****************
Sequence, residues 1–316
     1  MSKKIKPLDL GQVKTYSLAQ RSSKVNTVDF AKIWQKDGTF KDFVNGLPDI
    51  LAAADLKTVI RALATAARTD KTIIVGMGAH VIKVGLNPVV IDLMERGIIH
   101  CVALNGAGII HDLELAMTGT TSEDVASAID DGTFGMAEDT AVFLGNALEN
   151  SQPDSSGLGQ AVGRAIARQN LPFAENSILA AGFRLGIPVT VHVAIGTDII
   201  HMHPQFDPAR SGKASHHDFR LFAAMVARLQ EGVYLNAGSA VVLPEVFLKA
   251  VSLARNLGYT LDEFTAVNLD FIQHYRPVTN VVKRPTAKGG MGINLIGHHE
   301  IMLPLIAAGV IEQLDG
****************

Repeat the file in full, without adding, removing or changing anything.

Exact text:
Sequence, residues 1–316
     1  MSKKIKPLDL GQVKTYSLAQ RSSKVNTVDF AKIWQKDGTF KDFVNGLPDI
    51  LAAADLKTVI RALATAARTD KTIIVGMGAH VIKVGLNPVV IDLMERGIIH
   101  CVALNGAGII HDLELAMTGT TSEDVASAID DGTFGMAEDT AVFLGNALEN
   151  SQPDSSGLGQ AVGRAIARQN LPFAENSILA AGFRLGIPVT VHVAIGTDII
   201  HMHPQFDPAR SGKASHHDFR LFAAMVARLQ EGVYLNAGSA VVLPEVFLKA
   251  VSLARNLGYT LDEFTAVNLD FIQHYRPVTN VVKRPTAKGG MGINLIGHHE
   301  IMLPLIAAGV IEQLDG